dryer plug to two 120VAC 30A ?

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I have a 4 "prong" dryer plug in my basement. Is there a converter that will plug into it and let me plug in one or two 120VAC 30A plugs? If there isn't such a converter, how hard would it be to make one up? Thanks.
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On May 22, 7:47?pm, Reid Fleming

as far as i know ther are no 120 volt 30 amp receptables.
what are you planning on plugging in?
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Then I guess you're unfamiliar with the NEMA 5-30 .
FWIW, there's also a 120V 50A configuration, designated the 5-50.
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Doug Miller (alphageek at milmac dot com)
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snipped-for-privacy@aol.com wrote:

Hmmm, If it is on 120V, it'll be ~60A!
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just what would any homeowner use 120 volts 30 or 60 amps for?
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snipped-for-privacy@aol.com wrote:

An RV as mentioned before.
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Steve Barker







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wrote:

There's NO 60A line there. You have 2 30A lines which cannot be connected together (this would produce a short circuit, actually making 0A available). To get 120V you use ONE how wire and neutral. It would be possible to connect two 30A appliances, but not a 60A one.
I have seen where someone was using a 240V receptacle for holiday lights.
It was an older house, so probably 3-wire. That was supposedly unsafe (current through a bare wire?) but probably not VERY unsafe.
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Mark Lloyd
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wrote:

No it won't.
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Doug Miller (alphageek at milmac dot com)
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On May 22, 7:47?pm, Reid Fleming

as far as i know ther are no 120 volt 30 amp receptables.
what are you planning on plugging in?
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On May 22, 7:47?pm, Reid Fleming

as far as i know ther are no 120 volt 30 amp receptables.
what are you planning on plugging in?
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wrote:

Most certainly is, L5-30's. Data centers use them and the majority of RV's use them as well. I have one on the outside wall of my garage for my camper. Option 5, 4th outlet down at this link. http://servertech.com/downloads/Technical%20Notes/notes_pt_cordconectoropts.pdf
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There's even a 120V 30A straight-blade configuration.
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Doug Miller (alphageek at milmac dot com)
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Get a four wire dryer cord set and the 30 amp 120 volt 3 wire cord body that you require and connect just one hot, the neutral, and the ground, leaving the fourth wire insulated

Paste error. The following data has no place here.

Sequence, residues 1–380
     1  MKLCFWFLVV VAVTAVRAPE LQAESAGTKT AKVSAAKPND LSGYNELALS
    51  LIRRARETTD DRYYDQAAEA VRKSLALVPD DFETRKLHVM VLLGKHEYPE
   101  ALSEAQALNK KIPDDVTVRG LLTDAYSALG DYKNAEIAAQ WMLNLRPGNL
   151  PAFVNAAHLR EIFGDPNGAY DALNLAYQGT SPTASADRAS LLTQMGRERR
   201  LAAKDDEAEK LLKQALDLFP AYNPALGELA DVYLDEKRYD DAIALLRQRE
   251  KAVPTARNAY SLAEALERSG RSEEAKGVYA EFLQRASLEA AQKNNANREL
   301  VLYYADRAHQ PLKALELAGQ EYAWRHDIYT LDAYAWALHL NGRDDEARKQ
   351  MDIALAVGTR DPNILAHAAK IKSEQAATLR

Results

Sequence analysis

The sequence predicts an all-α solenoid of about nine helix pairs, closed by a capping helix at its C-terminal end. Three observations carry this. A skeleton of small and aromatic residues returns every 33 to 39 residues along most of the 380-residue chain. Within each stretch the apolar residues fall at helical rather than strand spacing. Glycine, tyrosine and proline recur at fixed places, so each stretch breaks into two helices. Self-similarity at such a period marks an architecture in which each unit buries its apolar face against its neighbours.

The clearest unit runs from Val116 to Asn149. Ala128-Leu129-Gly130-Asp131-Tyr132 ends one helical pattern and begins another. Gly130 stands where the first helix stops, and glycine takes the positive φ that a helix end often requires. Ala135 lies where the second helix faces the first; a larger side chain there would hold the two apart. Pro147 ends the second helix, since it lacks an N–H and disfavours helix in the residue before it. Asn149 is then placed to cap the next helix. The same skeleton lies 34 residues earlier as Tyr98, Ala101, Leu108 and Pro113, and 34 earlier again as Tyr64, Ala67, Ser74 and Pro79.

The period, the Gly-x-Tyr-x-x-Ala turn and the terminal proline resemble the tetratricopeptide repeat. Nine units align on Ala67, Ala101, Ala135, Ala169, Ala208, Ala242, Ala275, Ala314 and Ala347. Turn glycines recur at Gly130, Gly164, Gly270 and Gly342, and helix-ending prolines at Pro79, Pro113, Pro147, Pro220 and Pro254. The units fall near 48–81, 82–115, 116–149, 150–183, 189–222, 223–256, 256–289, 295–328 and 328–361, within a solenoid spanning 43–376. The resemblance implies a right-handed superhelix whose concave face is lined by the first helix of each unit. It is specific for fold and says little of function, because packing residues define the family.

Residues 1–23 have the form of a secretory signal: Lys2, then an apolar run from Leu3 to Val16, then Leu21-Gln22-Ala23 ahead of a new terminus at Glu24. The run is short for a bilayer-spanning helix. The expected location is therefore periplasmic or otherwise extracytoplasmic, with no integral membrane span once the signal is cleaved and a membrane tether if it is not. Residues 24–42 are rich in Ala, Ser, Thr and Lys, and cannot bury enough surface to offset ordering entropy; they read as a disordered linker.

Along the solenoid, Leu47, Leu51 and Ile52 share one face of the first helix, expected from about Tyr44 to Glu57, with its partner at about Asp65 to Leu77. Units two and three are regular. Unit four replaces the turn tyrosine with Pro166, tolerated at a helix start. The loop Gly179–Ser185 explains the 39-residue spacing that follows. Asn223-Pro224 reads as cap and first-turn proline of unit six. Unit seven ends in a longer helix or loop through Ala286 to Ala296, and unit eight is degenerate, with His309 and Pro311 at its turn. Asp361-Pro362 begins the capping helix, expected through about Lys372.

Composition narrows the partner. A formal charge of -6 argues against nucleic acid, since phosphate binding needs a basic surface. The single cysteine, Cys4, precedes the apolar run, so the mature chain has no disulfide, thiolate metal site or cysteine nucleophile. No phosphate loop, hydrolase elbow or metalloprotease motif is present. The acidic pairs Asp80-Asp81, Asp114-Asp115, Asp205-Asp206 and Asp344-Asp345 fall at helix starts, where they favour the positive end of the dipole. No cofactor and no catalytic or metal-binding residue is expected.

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No such animal exists. If you need a 120V outlet, jury-rigging one from a 240V plug is not the right way to do it. Why not replace the breaker and and plug thereby converting the line to 120V?
You could also just add new 120V line(s). You mentioned that this is located in a basement. Don't know your specific situation, but it should not be too tough to add a new line and outlet in a basement.
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Reid Fleming writes:

http://www.campingworld.com/browse/skus/index.cfm/Outdoor-and-RV-Accessories/50-Amp-Male-to-30-Amp-Female-Adapter/skunum $498
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On May 22, 6:47 pm, Reid Fleming

You could make an extended quad-receptacle box. 2 circuits at 120volts, each hot as feed and split neutral and ground to each. It should be changed at the breaker...but would work. Jury rigged, cobbled...Smoky Stovert style.
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On Wed, 23 May 2007 04:01:36 -0700, pheeh.zero wrote:

I took 240 from an old electric stove outlet and made two 120 strips for my workbench. That was 15 years ago.
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It will function fine in normal use. But the wiring and the outlets in your 120 V strips are likely designed to carry 15 A, while they are "protected" by a breaker that will carry 40 A. This isn't safe in an overload, unless you change the breaker to a two-pole 15 A one.
    Dave
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The breakers are designed to protect the wiring in the house, not the devices plugged into it. From that perspective, there would be no overload hazard created by this scheme.
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He's asking for 30 amp. you're not going to fit quad 30 amp anything in any standard box
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